One day a boy—an evil-minded, wicked boy—pointed his toy pistol at poor Richard. In a glass case on the parlor table now reposes the martyred Snowflake. As the lady was telling me the history, we were looking at the little hero who lay there with glass eyes and a curly tail, and the cruel bullet was under his fore paw. The husband was in the front room and confirmed the story, as he said he had been present at several of the collections taken up by Richard for the benefit of the family.

So far, the Seybert commission will of course talk learnedly about the attraction of cohesion, and show us how Kellar, the magician, can do the same if any body can be found who will lend him a couple hundred dollars and an old diamond ring. But there was a postscript which carries the mystery a step further into the field of Spiritualism where the Journal fights its battles of today.

Just a week after Richard Snowflake, Esq. had ceased to snap at flies, and had gone to the paradise where it is believed fleas are refused admittance, his mistress felt him in her arms as she was walking in the street. Being clairvoyant and clairaudient she says she saw him and heard his cheerful little bark of greeting. Suddenly be jumped down and ran across the street. She followed till he stopped with his paw on a crumpled-up ten-dollar-bill. It was his contribution to the funeral expenses. He never appeared again, and if ten dollar bills are still lying around loose or flattering in the air, they are now doubtless gathered by dogs of another breed.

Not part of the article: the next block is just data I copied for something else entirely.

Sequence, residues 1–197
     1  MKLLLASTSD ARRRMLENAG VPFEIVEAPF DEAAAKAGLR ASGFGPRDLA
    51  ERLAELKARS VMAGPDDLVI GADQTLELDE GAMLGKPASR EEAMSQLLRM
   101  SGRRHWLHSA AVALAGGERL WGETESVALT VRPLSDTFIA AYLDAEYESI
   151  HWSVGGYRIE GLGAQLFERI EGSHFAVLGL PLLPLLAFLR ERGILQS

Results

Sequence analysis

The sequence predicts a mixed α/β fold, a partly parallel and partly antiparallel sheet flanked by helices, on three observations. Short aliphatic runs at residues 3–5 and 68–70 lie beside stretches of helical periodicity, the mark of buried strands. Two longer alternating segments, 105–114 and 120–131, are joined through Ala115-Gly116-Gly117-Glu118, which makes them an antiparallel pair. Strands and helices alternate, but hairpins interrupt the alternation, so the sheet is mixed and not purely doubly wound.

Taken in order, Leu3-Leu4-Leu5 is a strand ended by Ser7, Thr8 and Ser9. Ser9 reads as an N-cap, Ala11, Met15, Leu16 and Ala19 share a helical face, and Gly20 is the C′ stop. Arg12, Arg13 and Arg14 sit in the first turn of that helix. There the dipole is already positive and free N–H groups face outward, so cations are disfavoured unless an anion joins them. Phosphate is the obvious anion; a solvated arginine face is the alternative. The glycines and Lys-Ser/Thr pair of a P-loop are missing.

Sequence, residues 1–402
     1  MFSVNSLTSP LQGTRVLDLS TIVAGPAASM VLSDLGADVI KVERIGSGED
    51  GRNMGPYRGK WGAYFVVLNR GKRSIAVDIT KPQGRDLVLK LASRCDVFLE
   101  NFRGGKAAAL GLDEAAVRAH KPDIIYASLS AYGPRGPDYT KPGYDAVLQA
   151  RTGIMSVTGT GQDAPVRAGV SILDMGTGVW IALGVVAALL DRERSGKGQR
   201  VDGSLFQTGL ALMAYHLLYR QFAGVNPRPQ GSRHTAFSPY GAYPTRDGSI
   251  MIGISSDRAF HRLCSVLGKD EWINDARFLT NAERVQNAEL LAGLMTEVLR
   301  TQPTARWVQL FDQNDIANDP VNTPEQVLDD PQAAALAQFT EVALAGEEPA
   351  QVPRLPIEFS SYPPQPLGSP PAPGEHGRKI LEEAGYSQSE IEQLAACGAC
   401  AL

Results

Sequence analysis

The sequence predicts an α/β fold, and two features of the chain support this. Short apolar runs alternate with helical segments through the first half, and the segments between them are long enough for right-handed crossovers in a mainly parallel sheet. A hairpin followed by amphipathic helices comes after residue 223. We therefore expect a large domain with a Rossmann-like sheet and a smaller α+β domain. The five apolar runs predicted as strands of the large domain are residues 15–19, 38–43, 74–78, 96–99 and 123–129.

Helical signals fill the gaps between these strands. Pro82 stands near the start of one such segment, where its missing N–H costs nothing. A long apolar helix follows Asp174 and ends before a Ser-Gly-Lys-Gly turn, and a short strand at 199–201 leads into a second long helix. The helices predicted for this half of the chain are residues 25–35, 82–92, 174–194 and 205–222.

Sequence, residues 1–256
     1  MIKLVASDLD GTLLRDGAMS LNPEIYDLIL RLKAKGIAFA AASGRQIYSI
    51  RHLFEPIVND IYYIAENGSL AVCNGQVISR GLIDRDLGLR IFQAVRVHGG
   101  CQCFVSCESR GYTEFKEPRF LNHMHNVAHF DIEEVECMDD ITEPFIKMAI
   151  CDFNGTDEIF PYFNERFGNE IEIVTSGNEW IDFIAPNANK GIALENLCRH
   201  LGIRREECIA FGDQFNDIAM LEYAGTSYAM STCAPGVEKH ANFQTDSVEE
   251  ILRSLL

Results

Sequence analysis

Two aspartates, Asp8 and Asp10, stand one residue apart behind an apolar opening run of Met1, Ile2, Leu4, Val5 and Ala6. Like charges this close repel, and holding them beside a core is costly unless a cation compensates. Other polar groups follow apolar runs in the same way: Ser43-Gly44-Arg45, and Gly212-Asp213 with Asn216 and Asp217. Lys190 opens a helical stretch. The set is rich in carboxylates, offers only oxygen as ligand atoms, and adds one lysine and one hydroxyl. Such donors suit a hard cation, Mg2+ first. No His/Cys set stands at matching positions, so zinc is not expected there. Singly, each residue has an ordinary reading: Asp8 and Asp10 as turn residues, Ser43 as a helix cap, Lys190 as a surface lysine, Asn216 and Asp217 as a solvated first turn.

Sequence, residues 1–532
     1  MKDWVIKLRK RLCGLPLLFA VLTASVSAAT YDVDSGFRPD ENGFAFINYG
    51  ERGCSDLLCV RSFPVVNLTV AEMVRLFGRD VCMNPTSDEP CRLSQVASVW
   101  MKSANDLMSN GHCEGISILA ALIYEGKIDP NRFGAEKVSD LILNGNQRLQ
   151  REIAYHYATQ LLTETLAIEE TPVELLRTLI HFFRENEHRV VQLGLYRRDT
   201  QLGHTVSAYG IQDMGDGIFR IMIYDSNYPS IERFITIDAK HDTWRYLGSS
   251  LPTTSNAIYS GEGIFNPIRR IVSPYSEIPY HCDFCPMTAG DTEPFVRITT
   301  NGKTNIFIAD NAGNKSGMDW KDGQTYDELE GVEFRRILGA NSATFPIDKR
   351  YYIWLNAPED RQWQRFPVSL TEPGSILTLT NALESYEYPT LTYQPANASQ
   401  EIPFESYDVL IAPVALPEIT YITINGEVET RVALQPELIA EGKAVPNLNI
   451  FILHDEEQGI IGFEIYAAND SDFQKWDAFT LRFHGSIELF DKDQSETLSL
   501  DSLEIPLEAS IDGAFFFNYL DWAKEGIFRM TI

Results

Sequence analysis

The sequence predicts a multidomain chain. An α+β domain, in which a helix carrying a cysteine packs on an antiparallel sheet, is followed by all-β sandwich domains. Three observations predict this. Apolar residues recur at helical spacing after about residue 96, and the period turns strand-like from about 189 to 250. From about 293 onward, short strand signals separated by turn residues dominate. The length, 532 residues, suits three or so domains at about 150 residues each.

The reader might ask if I believe the story.

I have testified that I stood by the glass case containing the dead dog and the fatal bullet while listening to the wonderful narrative. There, too, was the cash account kept by the day, all ready to be added up by the skillful accountant. The ten dollar bills were the only missing links in this wonderful biography. The magician was dead.

But the dog-ghost, and that last ten dollar bill? Yes, I heard all that too. I saw neither the ghost nor the bills. The reader and the editor have exhausted my testimony, save that I remember the lady said the dog seemed half asleep and refused to eat for some hours before each find, and that she was conscious of influences at such times although they never assumed human form or personality. So the mediumship of life below man might be an interesting theme for discussion.